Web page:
Despite fan backlash at his decision to go electric, Bob Dylan has had it pretty good, especially by comparison. Any average Joseph on the street could tell you who he is and probably hum a tune or two, whereas his politi-folk peers were largely forgotten. Dylan was able to transcend; artists like Phil Ochs, subject of documentary "Phil Ochs: There But For Fortune" by "Easy Riders and Raging Bulls" director Kenneth Bowser, were not so lucky and mostly forgotten. Labeled as the "anti-Dylan" not only for his radically different singing style but also for his penchant towards undisguised topical protest songs, something Mr. Zimmerman masked in poetry and eventually outright abandoned. Ochs didn't just sing about Vietnam or his distaste for politicians, he rallied; making activism just as important as his very vocalized opinion.
His action for change lead the man to do a plethora of avante-garde stunts and charity work, including an amusing yet powerful organized "War is Over" campaign in 1967 during the height of the Vietnam War. Throughout all of this he was not only a heavy drinker but also suffered from bi-polar disorder, a lethal combo which rendered him practically insane for a few months (even adopting a different persona) before finally committing suicide in April, 1976.
It's an intriguing life to say the least, with enough drama and happenings that would make a fairly decent Hollywood biopic (Sean Penn at one time expressed interest in playing Ochs). Bowser rustles together a solid line up of interviewees, fellow musicians and activists both past and present: Peter Seeger, Billy Bragg, Sean Penn, Chris Hitchens, etc, with Dylan unsurprisingly absent. Together they piece together his life story and it's a respectful tribute, that also utilizes news paper clippings, audio recordings, various video clips and stills.
So with a life chock full of such meaty, fascinating stuff, why does the documentary only conjure up a lukewarm response at best? Maybe it's the much too familiar structure, maybe it's the lack of personality. Bowser as a director is much like Bowser the Super Mario villain: the plumber would risk life and limb in three levels comprised of goofy/deadly creatures, with only the thought of saving the Princess at the fourth castle-level to keep him going. Of course she was never there as Bowser, the king of Koopas, had teased him along and put her in another castle. Director Bowser follows a similar workmanship for the structure of his movie: he builds up to a moment in Ochs's life and it's only a matter of time before he takes it away, depriving the audience of actually absorbing or appreciating the event. He's much too eager to get to the next segment instead of delving into whatever he is currently on.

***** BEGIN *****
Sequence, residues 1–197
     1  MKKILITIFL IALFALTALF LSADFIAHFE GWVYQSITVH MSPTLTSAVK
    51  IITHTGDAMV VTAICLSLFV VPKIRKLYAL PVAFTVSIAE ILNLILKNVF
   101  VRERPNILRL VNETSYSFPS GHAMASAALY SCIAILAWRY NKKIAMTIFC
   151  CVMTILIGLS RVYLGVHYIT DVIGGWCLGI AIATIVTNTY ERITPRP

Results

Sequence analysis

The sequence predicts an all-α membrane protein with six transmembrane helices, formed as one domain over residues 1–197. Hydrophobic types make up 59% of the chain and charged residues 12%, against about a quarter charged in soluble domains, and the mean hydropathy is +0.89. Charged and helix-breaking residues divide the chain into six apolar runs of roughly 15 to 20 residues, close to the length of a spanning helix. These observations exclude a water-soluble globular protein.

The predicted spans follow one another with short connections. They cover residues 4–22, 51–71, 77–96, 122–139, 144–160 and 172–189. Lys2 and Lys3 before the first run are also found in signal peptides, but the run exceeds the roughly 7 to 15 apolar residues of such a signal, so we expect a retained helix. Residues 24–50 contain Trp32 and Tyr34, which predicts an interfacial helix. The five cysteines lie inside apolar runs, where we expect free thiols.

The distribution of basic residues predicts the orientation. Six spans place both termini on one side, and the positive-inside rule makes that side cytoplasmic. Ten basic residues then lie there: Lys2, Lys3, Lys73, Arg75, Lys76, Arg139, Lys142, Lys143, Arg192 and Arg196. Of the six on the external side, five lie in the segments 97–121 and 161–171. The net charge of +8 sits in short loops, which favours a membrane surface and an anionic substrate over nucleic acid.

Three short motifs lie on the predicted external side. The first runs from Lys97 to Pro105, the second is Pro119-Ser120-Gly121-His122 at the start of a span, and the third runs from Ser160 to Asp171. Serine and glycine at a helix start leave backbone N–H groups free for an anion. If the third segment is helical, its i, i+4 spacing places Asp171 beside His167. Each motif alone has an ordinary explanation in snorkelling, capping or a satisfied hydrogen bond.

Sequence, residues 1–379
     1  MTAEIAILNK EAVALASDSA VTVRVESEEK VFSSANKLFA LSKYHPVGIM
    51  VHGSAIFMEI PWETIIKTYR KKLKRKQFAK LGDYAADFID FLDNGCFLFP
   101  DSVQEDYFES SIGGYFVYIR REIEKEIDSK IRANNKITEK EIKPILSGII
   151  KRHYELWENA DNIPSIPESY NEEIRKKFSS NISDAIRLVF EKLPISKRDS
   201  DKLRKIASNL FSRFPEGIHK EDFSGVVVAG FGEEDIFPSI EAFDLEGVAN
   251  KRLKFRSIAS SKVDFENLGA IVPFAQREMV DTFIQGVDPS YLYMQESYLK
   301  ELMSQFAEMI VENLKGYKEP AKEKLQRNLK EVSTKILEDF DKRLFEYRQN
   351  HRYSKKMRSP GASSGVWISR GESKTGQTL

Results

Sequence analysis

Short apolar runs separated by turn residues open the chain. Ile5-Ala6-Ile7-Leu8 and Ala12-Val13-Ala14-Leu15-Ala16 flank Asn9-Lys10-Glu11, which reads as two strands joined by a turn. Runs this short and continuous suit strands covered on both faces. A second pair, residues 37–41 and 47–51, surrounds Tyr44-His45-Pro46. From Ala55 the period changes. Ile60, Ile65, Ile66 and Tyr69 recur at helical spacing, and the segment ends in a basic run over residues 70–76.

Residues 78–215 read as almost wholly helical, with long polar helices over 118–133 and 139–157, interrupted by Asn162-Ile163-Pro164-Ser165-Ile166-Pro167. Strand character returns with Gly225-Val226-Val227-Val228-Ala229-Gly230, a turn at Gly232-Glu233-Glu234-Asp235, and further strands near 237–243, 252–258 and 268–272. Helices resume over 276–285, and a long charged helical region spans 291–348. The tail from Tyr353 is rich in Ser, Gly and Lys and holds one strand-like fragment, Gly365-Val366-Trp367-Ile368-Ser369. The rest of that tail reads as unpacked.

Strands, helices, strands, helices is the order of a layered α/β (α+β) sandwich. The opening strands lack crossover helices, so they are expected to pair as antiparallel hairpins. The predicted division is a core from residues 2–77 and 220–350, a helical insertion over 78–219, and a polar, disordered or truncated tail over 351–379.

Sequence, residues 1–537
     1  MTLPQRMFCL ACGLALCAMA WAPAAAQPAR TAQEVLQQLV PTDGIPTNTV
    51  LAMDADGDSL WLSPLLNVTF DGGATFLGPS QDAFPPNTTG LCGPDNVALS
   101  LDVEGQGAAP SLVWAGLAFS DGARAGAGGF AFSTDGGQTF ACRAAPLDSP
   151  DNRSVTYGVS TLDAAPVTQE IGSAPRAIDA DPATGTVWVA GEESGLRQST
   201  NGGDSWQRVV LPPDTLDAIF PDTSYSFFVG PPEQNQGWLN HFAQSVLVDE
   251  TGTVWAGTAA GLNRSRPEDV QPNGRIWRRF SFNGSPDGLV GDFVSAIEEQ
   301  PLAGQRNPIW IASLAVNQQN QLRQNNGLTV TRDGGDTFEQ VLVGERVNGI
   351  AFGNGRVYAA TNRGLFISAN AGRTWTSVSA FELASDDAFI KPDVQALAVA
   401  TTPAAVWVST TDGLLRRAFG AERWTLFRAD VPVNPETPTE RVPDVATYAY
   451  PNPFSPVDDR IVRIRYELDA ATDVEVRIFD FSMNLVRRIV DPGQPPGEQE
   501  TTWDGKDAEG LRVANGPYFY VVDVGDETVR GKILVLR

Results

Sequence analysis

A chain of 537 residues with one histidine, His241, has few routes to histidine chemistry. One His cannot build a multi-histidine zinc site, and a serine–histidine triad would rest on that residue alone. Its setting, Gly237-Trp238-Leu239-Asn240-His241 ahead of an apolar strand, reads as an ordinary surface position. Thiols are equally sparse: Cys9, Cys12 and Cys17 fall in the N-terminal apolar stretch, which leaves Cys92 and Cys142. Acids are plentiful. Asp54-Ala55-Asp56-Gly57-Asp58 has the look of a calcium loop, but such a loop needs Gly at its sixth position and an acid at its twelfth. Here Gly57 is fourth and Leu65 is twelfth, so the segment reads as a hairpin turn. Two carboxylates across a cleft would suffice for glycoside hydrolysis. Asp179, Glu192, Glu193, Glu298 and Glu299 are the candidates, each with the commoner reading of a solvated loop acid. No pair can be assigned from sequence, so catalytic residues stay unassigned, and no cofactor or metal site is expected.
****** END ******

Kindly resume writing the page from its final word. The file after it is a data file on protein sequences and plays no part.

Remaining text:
The criticisms shouldn't be taken too negatively, though - the movie's not a disaster by any means. While he does shift focus too often, the documentarian also weeded out the less interesting things like Och's trouble in Argentina or his songwriting work for the Raquel Welch drama "Kansas City Bomber." A viewing of this movie brings to mind the recent "Who Is Harry Nilsson (And Why Is Everybody Talkin' About Him?)" by "The US vs. John Lennon" director John Scheinfeld, a film that shares more than a few similarities in execution. What the latter had over it, though, was a very forthright love for its subject, one that could be felt not only through its interview sessions but through its general peppy disposition. 'Nilsson' followed the same structure as 'Fortune' but it wasn't glaring; it was overshadowed by its delightful nature. This also enables it to entice those who are unfamiliar with the artist, drawing them in with charm and converting them to fans; forcing the recent devotees to pillage iTunes/Pirate Bay for the Nilsson discography. 'Fortune' is much too straight-laced for its own good, and at its worst can be rather dull. Die-hard fans will of course find something to latch onto, casual fans may even be mildly entertained, but newbies aren't going to find much to chew on here. [C+]